Indian Academics: A Sorry State of Affair

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Abu Siddik

What does an academic do in her daily life? Whom does she serve by her pedagogical excellence? What topics are they covering for her academic score? What kind of books are they writing for her pupils or, say, for her own promotion and better placement and perks? What kind of research projects are they supervising? Are they superior human beings untouched by lowly million lives? Are they self-serving or serving their respective disciplines with scientific precision, mechanical rigour and disinterested selves? Are they slaves of the vast educational moguls? Or are they ‘free’ to investigate, visit and revisit their disciplines with individual resources, inputs and experiences?

Should they inculcate the spirit of inquiry and freedom into her students, researchers, social media fans and followers, and relatives and neighbours? Or should they live in furnished blocks with latest gadgets and a dozen of modern slaves—drivers, maids, ayahs, personal assistants? Should they be worried about the issues like politicization of religion, everyday communalism, corruption, violent rhetoric of the political leaders, ill health system, dismal transport facilities, job scarcity, environmental issues, unemployment, women trafficking, and so on? Or should they live a life detached from the hoi polloi, equipped with all modern facilities in an environment of 24-hour surveillance system?

Should they write text-books for the benefit of the students? Should they write note books for the benefit of the students?  I am happy with both kinds of academics. Why? At least, they have been able to recognise the need of the students who come especially from rural backgrounds. Many of them are first generation learners. Many of their parents are labourers, drivers, agricultural hands, carpenters, masons, and other odd workers. Their mothers are agricultural hands, domestic helpers, ayahs.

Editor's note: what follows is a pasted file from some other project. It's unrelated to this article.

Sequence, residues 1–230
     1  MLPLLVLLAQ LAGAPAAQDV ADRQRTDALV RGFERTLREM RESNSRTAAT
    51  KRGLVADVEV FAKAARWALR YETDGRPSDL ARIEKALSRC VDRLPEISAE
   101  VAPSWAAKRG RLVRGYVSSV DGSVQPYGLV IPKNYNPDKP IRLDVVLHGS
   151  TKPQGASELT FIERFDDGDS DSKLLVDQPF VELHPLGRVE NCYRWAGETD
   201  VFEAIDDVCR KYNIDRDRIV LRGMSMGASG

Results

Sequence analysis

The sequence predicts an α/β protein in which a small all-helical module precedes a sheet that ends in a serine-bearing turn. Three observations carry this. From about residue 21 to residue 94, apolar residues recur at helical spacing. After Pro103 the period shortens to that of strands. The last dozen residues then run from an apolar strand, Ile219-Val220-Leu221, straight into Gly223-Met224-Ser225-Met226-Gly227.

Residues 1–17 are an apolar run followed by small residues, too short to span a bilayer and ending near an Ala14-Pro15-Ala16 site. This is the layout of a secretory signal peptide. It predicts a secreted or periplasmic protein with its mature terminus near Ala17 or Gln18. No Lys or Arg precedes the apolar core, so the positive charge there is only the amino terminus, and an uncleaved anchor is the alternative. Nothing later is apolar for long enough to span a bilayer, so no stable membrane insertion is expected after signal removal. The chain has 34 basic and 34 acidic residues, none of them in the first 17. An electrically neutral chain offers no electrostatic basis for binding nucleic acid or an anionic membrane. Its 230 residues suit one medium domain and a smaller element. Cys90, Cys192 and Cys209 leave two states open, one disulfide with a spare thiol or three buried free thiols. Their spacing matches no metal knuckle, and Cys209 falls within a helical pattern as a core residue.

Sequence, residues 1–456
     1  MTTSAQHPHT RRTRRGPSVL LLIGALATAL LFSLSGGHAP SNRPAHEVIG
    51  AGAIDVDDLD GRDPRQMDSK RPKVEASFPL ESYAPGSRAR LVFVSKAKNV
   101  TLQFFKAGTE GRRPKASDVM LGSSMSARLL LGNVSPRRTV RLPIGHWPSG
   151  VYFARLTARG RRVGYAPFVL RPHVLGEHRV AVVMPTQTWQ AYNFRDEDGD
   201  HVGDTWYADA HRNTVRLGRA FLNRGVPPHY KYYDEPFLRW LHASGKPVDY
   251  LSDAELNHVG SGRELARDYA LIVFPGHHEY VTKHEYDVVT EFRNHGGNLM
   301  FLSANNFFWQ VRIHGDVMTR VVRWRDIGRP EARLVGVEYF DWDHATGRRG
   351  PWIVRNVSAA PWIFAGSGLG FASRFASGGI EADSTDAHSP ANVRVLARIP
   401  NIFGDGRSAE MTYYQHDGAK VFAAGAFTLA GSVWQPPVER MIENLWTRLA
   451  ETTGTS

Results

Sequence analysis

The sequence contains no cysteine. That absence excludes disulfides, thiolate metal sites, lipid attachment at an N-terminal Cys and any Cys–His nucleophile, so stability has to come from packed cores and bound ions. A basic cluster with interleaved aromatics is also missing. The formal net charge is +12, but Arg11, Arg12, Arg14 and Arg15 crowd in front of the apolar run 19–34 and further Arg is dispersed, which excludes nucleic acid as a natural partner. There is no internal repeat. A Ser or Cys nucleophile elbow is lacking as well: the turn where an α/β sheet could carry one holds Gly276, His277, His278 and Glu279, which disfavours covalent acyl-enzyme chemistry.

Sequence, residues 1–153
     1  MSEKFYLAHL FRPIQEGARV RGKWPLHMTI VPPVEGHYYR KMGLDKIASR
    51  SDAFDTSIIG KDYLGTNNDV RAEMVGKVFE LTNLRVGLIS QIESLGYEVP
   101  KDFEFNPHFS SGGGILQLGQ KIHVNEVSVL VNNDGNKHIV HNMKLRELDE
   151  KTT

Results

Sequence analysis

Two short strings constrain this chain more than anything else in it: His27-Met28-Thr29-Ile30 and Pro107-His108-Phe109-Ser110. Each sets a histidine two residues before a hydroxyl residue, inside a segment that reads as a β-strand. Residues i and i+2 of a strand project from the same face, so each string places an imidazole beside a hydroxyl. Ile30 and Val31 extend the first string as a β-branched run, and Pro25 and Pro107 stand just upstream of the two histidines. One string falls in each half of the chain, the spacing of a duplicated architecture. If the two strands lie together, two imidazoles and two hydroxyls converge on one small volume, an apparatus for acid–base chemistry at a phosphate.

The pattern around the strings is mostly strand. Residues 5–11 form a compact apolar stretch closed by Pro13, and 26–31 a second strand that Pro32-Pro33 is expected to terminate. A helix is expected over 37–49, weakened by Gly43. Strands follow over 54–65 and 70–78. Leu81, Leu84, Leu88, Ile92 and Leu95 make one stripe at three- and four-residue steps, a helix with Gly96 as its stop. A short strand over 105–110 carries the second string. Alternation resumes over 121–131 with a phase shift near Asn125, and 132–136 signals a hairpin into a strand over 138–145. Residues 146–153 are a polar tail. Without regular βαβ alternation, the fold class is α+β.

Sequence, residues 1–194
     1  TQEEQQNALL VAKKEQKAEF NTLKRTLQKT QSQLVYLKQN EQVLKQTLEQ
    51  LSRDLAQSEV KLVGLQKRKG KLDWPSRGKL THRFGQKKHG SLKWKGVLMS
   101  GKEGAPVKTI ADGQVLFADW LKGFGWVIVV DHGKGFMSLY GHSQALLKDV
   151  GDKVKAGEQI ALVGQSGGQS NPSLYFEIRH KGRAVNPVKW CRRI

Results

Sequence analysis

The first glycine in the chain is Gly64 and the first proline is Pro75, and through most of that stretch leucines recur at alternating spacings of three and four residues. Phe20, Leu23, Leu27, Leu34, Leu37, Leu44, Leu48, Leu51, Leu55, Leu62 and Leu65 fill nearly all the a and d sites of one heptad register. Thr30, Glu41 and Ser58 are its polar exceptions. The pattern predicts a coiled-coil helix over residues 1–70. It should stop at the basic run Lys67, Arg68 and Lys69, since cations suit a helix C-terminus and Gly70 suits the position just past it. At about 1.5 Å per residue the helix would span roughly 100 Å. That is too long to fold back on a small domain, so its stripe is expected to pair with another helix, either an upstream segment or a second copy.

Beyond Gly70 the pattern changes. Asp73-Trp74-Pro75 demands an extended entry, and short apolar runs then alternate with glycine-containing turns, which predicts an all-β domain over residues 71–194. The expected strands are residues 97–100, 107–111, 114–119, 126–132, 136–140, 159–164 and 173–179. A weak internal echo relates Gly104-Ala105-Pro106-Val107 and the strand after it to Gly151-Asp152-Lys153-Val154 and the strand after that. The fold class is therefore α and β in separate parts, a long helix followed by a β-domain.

Should they write reference books for the benefit of the students? The academics of elite Indian institutes must do it for the progress of the students and for the progress of the country.  They enjoy writing. And when they write they become oblivious of their surroundings. Such tenacity they have. They can write theoretical works, or say, ground breaking works, pioneering works. They can publish them with the help of publishing giants.  Book-opening ceremonies, book-events, book-tours will continue for years. Fellow ‘low-born’ academics, ambitious scholars, book-wizards, book enthusiasts will dig Amazon for its quickest delivery. Coffee houses, cross-words will arrange gala event for the ‘authentic’ voice of the promoted academics. But, that ‘authentic’ voice has little or no relevance outside the classroom, lecture theater or seminar hall. It is a tragedy. The elite academics and their theoretically ground breaking works are detached from the simmering issues the country is facing. Their ‘superior’ works fail to stimulate the ordinary students. They are made for the especially chosen few who have some academic compulsion. They are simply a coterie of Ph. D and Post-doc holders. Many of them are living in virtual world. Many of them, almost all of them have a single destination—America, the Promised Land.